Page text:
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Which Person Has the Dis-Ability?

Mar 30, 2011

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There are a few times in life when you have the opportunity to experience something that changes you forever.  Some of those times are negative, but others are very positive. In those positive, life-changing moments, invariably something happens that opens your mind to something you didn’t know was possible.  

I vividly remember one of those times when God showed me how powerful connecting with him is, and how valuable anyone can be when we do what God made us to do.  I was in a fairly traditional worship service in a fairly typical charismatic church.  In the midst of worship, a middle-aged woman a half a dozen rows ahead of me was quietly crying.  You wouldn’t have noticed unless you looked right at her, but even from the back, her grief was obvious.  I don’t know why she was crying.  Maybe she had experienced a loss, or had trouble with her marriage or health.  Maybe she had just had a really bad week.  Whatever the cause, she was weeping before God.  I couldn’t think of any way I could comfort her.  I didn't know her, didn’t know anything about her problems, and didn’t know how to help.

At the same time I noticed another woman, much younger, seated across the aisle a few rows behind the weeping woman.  She was openly staring at the crying woman, and at first her obvious and confused stare seemed rude.  Then I realized that this young woman, not yet twenty, had down’s syndrome.

As I watched, the young woman with down's syndrome walked across the aisle, gently placed one hand on the older woman’s shoulder, lifted the other hand in the air, and began praying for her loudly, and in a language I had never heard.  She was praying in tongues, and she was praying boldly, as though she were interceding for the woman with great authority.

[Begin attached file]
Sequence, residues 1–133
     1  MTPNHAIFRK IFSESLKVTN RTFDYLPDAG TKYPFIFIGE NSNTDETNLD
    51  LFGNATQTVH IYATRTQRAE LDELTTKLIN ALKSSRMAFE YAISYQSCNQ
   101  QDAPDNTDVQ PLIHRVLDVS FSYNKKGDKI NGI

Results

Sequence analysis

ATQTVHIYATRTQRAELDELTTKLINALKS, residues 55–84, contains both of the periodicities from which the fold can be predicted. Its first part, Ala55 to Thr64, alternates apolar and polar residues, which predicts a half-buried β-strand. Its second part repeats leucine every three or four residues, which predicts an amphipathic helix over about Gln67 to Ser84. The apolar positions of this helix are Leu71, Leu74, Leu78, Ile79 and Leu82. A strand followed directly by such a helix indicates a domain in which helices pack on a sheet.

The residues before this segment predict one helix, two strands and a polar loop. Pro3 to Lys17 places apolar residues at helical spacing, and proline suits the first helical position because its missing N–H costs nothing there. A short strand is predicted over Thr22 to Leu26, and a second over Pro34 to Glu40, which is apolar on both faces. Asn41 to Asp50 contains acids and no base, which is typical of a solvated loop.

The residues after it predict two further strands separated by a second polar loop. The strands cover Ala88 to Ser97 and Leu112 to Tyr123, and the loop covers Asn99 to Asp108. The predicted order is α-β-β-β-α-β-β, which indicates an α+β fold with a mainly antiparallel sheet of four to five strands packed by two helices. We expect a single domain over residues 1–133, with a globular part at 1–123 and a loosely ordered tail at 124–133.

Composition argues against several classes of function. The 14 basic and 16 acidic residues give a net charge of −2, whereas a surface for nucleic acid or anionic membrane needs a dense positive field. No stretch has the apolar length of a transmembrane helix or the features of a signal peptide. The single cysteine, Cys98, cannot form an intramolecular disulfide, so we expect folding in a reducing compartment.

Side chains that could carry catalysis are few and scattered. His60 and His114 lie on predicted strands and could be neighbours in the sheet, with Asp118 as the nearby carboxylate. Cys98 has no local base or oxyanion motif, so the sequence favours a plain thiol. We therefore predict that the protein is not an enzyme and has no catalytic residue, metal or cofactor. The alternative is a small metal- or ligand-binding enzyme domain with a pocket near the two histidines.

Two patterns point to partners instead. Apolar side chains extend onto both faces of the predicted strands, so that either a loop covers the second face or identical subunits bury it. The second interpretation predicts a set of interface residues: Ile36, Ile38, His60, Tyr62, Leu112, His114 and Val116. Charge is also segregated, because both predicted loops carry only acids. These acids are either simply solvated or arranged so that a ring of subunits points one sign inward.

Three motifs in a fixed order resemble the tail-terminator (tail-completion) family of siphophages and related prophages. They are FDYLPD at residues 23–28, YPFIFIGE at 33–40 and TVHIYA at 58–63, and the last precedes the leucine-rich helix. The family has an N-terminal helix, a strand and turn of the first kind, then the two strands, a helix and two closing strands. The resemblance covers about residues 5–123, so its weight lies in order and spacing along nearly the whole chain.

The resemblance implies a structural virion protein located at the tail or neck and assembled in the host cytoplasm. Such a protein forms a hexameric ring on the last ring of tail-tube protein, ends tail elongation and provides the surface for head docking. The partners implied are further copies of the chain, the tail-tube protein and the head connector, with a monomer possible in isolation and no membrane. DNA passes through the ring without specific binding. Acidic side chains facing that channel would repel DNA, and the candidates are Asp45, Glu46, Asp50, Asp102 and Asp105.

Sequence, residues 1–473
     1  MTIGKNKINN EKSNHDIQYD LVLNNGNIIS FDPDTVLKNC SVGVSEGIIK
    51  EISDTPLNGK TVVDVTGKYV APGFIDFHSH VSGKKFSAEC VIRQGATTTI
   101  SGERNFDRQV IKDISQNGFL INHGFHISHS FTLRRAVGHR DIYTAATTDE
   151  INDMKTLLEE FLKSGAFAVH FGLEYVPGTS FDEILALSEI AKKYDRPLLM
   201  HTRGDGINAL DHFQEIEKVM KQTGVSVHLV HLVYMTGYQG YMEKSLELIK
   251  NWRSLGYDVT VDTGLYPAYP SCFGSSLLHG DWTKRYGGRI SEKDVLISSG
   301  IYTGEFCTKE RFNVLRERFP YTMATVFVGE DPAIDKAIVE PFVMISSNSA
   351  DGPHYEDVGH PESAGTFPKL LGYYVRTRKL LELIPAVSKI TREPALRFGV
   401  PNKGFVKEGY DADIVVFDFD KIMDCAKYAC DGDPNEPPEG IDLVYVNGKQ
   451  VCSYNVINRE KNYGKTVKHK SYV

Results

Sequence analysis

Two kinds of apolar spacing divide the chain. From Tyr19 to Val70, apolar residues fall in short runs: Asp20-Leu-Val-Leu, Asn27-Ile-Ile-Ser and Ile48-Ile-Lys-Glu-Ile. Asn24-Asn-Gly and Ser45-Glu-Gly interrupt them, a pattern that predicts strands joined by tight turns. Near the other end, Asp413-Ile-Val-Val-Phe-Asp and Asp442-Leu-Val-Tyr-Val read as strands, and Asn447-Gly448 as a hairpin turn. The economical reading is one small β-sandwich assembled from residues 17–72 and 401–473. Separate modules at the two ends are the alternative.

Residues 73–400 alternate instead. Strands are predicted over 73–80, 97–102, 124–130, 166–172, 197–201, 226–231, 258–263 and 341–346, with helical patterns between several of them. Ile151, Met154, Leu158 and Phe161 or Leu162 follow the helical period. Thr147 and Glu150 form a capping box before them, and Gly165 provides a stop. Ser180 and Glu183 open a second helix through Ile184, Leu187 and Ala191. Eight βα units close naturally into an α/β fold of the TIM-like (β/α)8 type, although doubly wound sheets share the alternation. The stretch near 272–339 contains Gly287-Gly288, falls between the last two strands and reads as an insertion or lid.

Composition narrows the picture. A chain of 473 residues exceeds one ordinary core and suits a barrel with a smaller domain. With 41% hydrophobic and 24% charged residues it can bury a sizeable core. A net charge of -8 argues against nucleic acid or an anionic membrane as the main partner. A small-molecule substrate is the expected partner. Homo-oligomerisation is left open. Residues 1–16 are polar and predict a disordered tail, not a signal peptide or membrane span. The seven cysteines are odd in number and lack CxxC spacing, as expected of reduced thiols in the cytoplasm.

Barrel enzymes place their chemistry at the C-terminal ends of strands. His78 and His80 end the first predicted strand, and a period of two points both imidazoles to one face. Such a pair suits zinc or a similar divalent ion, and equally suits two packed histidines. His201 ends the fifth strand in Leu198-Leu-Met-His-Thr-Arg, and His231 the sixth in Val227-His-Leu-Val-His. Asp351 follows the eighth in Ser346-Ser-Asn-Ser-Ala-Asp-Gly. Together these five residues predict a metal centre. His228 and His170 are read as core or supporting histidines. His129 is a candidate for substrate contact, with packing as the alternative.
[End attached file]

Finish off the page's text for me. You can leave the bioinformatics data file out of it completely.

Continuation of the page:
Almost instantly, the older woman sat down in her chair, practically collapsing into a weeping heap of despair.  She wept there for a minute, with the young girl praying over her, and then she raised her hands and lifted her head.  She stood up again and spent the next fifteen minutes or so physically praising God with her hands raised, and her head held high.  When the music ended, the two women embraced, and the younger one returned to her seat across the aisle.

I still don’t know exactly what I witnessed that day, but it was one of the most powerful moments I’ve ever experienced.  I do know I saw a young woman with a disability who most people would dismiss as being a poor, unfortunate burden on society acting as the body of Jesus Christ and intervening in someone’s despair.  She acted and spoke in prayer with authority, although I don’t know what she said.  And what she said spoke life and joy back into someone while I, a perfectly capable, intelligent, well-educated, and caring Christian, had no idea what to do.  

God wants us to be child-like without being childish.  With her innocent, pure mindset that young woman saw a need and met it without a moment of hesitation.  All of us who are able-bodied have the opportunity to learn from those who live from disabilities.  Their circumstances give them a sort of strength that might not come any other way.  There is a wealth of wisdom to be found by those who look with an open mind, and a willing heart.